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A removable memory card used in digital cameras to store pictures. The current maximum capacity is 256Mb.
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Developed jointly by Kodak, Canon, Fuji and Matsushita, DPOF is a function that appears in some digital cameras to allow users to order prints of specific pictures from files stored on the cameras memory card, such as CompactFlash, SmartMedia or floppy d
A type of memory that can hold data without needing power. It's used in SmartMedia and CompactFlash cards so photographs are safely stored when the camera is switched off.
Most digital cameras have a slot that takes a removable memory card such as MemoryStick, SmartMedia or CompactFlash. The camera uses this card to store pictures. Several sizes can be purchased from 2Mb to up to 1Gb depending on the make and type.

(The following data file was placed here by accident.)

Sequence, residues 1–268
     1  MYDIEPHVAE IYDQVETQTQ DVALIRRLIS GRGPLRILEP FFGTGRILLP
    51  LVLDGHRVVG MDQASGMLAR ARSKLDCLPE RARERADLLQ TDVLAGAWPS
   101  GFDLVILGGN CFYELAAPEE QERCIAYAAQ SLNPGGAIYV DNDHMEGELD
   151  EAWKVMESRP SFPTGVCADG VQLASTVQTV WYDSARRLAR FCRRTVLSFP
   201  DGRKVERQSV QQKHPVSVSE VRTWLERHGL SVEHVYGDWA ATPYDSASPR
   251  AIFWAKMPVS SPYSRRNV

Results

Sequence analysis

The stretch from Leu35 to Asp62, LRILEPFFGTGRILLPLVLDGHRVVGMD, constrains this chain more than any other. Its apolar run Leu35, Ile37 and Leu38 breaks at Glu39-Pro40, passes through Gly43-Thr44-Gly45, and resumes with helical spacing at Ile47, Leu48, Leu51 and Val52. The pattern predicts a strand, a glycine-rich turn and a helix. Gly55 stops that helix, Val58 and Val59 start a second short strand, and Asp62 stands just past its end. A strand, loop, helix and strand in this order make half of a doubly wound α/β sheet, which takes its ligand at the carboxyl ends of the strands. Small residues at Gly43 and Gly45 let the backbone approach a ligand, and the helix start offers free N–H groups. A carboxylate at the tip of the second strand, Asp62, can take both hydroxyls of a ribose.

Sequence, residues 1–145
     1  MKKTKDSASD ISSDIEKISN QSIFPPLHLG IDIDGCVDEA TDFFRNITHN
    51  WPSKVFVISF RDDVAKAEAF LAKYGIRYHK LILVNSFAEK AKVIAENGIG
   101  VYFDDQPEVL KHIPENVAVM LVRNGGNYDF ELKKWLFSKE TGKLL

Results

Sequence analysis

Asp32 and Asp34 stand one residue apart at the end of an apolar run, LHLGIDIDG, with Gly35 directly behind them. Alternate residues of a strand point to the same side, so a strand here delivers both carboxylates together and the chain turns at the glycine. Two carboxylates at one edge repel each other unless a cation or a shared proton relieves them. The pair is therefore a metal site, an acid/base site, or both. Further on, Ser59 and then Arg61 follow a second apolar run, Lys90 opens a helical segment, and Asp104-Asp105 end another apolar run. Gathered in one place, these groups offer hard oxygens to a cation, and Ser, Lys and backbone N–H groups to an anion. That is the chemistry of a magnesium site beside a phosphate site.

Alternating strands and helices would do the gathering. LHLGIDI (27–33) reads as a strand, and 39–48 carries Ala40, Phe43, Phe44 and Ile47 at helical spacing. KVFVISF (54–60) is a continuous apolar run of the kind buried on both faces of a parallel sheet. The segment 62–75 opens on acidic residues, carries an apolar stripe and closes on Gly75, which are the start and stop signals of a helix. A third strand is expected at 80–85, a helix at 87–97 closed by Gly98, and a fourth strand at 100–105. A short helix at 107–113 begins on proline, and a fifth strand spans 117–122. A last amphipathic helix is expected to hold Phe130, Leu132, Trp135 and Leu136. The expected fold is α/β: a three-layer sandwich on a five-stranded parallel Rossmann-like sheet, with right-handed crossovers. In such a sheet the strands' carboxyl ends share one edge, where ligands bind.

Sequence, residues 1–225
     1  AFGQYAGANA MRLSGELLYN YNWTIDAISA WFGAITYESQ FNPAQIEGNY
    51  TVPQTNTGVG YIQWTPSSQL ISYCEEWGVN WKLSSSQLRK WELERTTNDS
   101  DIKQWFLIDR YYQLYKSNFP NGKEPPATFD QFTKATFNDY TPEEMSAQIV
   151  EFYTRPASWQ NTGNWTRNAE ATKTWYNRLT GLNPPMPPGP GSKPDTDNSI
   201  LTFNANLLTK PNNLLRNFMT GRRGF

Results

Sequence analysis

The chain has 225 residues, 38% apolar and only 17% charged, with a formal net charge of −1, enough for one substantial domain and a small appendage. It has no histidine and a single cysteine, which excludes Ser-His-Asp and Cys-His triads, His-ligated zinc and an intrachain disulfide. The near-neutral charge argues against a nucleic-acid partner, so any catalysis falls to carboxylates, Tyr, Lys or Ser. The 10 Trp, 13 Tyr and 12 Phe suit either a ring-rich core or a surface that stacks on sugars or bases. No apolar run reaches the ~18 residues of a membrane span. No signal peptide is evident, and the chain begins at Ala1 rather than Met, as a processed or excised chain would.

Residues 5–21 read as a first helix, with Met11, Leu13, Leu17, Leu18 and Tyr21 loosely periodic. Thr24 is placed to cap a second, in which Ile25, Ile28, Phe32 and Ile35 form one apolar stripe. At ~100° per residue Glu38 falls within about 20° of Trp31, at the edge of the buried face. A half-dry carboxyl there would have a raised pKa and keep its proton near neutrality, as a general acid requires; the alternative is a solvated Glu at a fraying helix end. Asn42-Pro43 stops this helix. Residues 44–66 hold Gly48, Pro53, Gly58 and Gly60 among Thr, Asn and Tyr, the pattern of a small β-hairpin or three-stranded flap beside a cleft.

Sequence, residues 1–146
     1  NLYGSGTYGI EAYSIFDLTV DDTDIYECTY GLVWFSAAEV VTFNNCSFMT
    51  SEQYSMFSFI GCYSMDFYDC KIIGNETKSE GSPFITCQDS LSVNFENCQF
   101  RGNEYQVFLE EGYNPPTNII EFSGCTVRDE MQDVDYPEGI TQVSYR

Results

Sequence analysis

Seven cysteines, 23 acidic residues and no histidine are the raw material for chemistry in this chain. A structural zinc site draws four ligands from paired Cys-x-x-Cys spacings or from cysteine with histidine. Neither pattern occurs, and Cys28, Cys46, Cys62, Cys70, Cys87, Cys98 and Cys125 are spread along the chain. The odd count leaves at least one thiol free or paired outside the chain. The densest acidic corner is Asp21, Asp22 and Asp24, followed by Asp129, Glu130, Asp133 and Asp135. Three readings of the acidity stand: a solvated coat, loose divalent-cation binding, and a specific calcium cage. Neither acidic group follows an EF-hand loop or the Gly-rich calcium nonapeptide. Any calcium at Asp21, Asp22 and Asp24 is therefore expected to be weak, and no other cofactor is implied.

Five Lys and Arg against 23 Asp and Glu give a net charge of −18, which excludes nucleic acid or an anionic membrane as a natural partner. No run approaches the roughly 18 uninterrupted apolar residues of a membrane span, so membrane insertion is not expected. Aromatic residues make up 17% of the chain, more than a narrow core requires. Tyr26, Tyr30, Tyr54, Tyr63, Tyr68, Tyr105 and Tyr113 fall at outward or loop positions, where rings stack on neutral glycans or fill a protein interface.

Stands for Personal Computer Memory Card International Association - a group of 25 companies in 1989 who set worldwide standards for compact removable memory cards. These included Type I, II and III cards and were used to store images in a professionally specified camera or add extra functions to a computer. They have largely been superceded by the much smaller CompactFlash and an adaptor is available for older cameras to take the newer cards.
Memory cards such as CompactFlash, SmartMedia or MemoryStick that are used in digital cameras to store images.